Flames Thoughts: Calgary flies to California amid hot streak

The Calgary Flames scored four times in a row to storm back and beat the Chicago Blackhawks 5-3.

The Calgary Flames will try to stretch their season-long four-game winning streak in California this week.


Following their 9-1 loss to Pittsburgh, Bill Peters and Mark Giordano both said the game could be a turning point for the Flames. It looks like the head coach and the captain were right.

In five games since their most lopsided home ice loss in approximately two decades, the Flames have picked up nine of a possible 10 points, losing in a shootout to the defending Stanley Cup champion Capitals before winning games against the Maple Leafs and Sabres on the road and the Avalanche and Blackhawks at home.

The team’s play without the puck has improved significantly, as has its play in the defensive zone. It’s led to a lot more time spent playing with the puck, which is one of the reasons why the Flames exploded for 19 goals in the last five games. The Flames entered Tuesday tied with the Avalanche for most goals for in the NHL this season with 52.

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In 2014-15, the Flames came from behind to win 10 times in the regular season and three more times in the post-season when trailing through two periods of play. It earned them the nickname “Find-A-Way Flames”. While I hesitate to slap the same nickname on the this edition of the team because I believe this is a much better team than the one that stole so many games four seasons ago, it still fits.

The Flames trailed following 40 minutes in 11 of their first 15 games. Incredibly, Peters’ team is 5-5-1 in those contests. To put the Flames’ five third-period comebacks in perspective, no other team in the league has done it more than twice. The question is, how have they been able to battle back to win so many times this season?

Their 28 third-period goals were eight more than any other team going into Tuesday and their plus-17 third-period goal differential was by far the best in the NHL. Those are two tangible ways to explain it. The intangibles are the head coach’s willingness to make in-game adjustments, the players’ determination and the belief and confidence that the team has built with so many come-from-behind wins.



During the Flames’ five-game point streak, the first line of Sean Monahan, Johnny Gaudreau and Elias Lindholm has produced a whopping 24 points (eight goals, 16 assists). Leading the way last week was Monahan, who on Monday was named the NHL’s first star of the week. The 24-year-old, who will take a season-long six-game point streak into Wednesday, recorded multiple points in all four games last week scoring four goals and adding four assists.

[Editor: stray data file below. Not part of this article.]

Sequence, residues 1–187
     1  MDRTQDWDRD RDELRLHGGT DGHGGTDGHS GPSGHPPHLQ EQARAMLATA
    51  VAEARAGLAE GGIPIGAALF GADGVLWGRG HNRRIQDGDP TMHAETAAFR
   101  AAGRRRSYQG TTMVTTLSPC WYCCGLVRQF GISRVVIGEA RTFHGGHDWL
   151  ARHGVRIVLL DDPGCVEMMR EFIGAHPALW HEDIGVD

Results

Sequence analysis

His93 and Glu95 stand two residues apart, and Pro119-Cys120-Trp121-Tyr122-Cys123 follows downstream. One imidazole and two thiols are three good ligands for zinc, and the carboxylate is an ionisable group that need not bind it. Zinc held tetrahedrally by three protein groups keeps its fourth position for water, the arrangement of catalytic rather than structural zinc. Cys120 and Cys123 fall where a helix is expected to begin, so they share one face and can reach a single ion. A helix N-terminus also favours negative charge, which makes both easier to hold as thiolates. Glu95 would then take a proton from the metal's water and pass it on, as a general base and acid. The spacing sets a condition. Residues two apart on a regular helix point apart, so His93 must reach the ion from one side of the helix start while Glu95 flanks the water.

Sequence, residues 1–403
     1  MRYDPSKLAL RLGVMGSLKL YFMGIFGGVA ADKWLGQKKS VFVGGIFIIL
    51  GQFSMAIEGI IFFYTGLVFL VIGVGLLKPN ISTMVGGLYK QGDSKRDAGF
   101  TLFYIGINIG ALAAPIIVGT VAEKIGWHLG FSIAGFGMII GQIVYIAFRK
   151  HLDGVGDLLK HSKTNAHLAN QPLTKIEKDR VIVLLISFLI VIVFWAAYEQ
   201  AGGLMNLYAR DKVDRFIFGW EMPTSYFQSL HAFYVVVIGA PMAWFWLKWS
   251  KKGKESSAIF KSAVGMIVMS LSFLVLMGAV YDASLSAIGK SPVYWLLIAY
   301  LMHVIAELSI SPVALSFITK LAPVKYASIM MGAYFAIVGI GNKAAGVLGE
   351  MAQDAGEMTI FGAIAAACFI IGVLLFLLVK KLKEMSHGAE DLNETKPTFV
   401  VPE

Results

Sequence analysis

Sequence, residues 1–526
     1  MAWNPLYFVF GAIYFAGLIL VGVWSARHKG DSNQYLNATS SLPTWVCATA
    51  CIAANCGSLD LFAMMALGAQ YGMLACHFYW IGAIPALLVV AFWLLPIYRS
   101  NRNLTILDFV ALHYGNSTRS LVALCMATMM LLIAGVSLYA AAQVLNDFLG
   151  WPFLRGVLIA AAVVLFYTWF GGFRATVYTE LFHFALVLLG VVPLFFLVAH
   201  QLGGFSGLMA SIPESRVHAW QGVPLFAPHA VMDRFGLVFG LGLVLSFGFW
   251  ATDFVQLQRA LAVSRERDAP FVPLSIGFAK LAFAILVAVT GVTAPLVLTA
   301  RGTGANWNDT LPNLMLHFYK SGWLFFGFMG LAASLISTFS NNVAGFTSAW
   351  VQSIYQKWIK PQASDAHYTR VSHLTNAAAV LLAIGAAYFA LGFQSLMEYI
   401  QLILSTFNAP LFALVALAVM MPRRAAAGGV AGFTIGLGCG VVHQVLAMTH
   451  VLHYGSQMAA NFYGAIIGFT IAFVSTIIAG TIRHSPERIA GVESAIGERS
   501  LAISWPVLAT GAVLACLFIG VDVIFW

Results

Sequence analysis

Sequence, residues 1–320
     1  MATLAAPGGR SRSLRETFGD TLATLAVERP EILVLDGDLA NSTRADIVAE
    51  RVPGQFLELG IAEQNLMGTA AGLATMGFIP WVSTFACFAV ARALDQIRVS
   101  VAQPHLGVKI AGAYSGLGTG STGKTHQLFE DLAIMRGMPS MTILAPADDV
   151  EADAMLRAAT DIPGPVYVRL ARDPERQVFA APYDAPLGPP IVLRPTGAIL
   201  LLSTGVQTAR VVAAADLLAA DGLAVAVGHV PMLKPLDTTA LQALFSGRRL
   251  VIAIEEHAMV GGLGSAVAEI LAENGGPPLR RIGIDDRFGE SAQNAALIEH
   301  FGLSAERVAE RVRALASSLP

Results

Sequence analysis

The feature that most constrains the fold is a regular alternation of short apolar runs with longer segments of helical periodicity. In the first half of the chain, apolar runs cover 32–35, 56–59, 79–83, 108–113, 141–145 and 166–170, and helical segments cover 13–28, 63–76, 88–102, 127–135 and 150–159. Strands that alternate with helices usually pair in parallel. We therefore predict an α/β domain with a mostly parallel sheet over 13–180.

Since the Penguins game, Monahan and Gaudreau have taken a huge step forward in their play without the puck, something that Lindholm has been outstanding at all season. As a result, the talented trio has been almost impossible to stop.

In their first four seasons together, Monahan and Gaudreau benefitted from getting primarily offensive-zone starts and preferable matchups. This season, Peters invested in his top two offensive players by starting them in the defensive zone and against the other team’s top forward lines and top defence pairings way more often. I believe both players have grown as a result.

As for Lindholm, who was taken one spot ahead of Monahan in the 2013 NHL Draft, he was a solid two-way forward during his five seasons with the Hurricanes, but he’s a way better player than I thought.


While I wouldn’t call Anaheim, home of Disneyland, the happiest place on Earth for the Flames, a 2-0 victory over the Ducks on Oct. 9 of last season has made it a less miserable place than it used to be. Thanks in large part to Mike Smith’s franchise-record 43-save shutout, the Flames snapped an NHL-long 25-game losing streak at Honda Center dating back to Jan. 19, 2004. Despite dropping a 2-1 decision on Dec. 29 in their second trip to Anaheim last season, the Flames no longer have to answer questions about why they can’t beat the Ducks on the road (thankfully, we don’t have to ask them anymore, either).

The Ducks (6-6-3) certainly don’t look like the team that won five straight Pacific Division titles prior to last season. If it wasn’t for John Gibson, who has to be the early front-runner for the Vezina Trophy, the Ducks wouldn’t even be close to a .500 hockey team.